New boilers = better heating
Their size rivaled two VW Beetles, steel gray and tucked away in the basement of St. Paul. Each fall, they roared to life, fueled by natural gas, to boil water. With a complicated twisting and turning series of pipes, valves, radiators, air handlers, they delivered steam heat to much of the St. Paul building.
One was 52 years old, the other 65 years old. Their efficiency? Forty percent (at the generous end).
For the past two years, St. Paul leaders and staff made plans to replace the boilers – a rather involved endeavor to avoid the increasing possibility that one of the boilers could fail at an inopportune time. The council approved the $225,000 project in the spring, paid for with money set aside in the Building Improvement Fund. Northwest Mechanical Inc. of Davenport is the contractor. A $21,800 rebate from MidAmerican Energy will help offset some of the cost.
The old boilers that served St. Paul well are now gone, chopped up and removed piece by piece this summer.
The 1952 Kewanee boiler heated Fellowship Hall, the Chapel and the Chapel Commons. The 1965 Kewanee served the Education Wing, Library, Church House, and Luther Loft. They required manual operation, and some areas of the building experienced significant temperature inconsistency.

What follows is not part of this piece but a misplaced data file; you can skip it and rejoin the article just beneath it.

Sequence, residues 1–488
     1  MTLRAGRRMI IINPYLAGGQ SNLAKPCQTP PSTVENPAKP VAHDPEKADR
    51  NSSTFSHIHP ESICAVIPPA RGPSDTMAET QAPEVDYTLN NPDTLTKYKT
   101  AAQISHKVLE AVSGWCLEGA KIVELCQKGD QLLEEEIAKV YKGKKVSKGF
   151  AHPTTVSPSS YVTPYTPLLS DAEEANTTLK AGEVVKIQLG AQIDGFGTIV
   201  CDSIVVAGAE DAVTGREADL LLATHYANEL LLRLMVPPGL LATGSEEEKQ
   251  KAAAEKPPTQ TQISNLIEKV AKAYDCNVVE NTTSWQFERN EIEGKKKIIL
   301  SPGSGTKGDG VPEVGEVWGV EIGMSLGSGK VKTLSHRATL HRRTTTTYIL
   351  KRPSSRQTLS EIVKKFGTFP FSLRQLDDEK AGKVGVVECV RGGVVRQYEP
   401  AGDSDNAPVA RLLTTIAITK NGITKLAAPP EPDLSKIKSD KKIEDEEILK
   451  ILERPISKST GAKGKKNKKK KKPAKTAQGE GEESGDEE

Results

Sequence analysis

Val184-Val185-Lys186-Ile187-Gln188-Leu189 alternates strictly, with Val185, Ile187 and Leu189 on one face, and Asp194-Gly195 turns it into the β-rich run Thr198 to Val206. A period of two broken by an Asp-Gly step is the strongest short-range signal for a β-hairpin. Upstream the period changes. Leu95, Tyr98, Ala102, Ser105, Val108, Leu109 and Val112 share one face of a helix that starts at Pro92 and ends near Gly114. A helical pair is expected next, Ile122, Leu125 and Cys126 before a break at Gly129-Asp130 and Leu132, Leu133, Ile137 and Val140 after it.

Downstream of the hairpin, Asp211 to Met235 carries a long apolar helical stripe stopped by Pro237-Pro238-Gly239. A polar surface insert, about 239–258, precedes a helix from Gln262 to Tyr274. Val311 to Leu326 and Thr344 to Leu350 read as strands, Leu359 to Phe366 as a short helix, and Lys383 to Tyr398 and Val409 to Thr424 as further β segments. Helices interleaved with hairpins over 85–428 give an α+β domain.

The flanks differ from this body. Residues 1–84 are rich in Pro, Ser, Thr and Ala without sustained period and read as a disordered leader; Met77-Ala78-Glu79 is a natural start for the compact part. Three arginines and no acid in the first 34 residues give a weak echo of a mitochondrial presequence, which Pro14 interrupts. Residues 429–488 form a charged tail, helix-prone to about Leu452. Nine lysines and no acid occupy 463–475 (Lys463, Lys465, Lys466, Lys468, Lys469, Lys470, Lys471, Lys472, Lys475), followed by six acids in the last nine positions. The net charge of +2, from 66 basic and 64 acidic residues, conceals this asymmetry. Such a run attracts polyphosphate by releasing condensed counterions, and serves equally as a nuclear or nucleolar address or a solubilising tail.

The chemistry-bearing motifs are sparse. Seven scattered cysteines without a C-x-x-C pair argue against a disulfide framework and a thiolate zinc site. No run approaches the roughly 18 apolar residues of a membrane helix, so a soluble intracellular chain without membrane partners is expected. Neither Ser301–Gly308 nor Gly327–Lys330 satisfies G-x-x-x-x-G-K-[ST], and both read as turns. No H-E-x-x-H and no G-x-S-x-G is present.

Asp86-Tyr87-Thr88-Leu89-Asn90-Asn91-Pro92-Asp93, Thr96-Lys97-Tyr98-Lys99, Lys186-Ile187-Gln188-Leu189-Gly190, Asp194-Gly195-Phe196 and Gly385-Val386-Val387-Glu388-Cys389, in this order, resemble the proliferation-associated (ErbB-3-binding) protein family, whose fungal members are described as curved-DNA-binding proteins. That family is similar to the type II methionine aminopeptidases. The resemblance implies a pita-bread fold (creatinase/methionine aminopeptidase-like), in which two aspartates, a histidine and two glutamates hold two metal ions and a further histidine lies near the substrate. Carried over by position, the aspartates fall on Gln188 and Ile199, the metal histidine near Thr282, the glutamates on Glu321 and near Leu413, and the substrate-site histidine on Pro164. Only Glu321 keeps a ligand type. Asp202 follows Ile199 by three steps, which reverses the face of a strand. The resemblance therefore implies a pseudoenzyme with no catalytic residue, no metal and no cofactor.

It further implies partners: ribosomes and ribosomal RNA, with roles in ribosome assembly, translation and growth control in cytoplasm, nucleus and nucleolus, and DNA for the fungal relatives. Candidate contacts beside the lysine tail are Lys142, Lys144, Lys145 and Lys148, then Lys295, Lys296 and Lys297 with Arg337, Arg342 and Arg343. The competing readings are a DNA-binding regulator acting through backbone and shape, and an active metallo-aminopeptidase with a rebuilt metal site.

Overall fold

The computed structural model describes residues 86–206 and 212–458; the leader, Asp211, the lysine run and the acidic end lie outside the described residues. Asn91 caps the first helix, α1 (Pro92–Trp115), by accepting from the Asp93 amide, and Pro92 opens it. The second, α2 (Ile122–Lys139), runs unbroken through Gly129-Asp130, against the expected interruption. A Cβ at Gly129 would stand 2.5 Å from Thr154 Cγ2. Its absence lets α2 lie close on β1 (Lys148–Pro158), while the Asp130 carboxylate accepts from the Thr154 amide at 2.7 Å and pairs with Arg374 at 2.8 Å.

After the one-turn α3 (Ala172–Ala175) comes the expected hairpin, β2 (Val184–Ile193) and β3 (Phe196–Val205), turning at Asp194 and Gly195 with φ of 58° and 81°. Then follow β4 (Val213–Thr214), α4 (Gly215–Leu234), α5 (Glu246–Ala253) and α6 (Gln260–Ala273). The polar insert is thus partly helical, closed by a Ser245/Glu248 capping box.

In their place? Two units the size of a washing machine, with 82.6 percent efficiency (a conservative estimate). One will carry much of the load, while the other will serve as a backup. The new system, leaders say, will improve the climate of the areas served with improved controls, while reducing operating costs. The control and automation systems will integrate with the system that heats the Sanctuary, Gathering Area, and a portion of the staff offices.
It is anticipated that the new boilers will have a lifespan of approximately 30 years. Next up for mechanical attention, sometime in the next 5 to 10 years, will be the chiller system for air conditioning. A breakdown currently under repair has shut down cooling for much of the building in recent weeks.
About Kewanee Boilers
The old boilers were in fact made in Kewanee, Illinois. Kewanee began manufacturing boilers in 1868, according to the company’s history, when a man named Valerius Anderson started a company to make steam heating devices to heat animal feed. Three years later, the company began making steam boilers for homes and businesses. Over the next 133 years, until production ceased in 2002, tens of thousands of Kewanee boilers were sold to residential, commercial, and industrial customers in the U.S. and abroad. A boiler part company now ensures parts are available for the remaining boilers.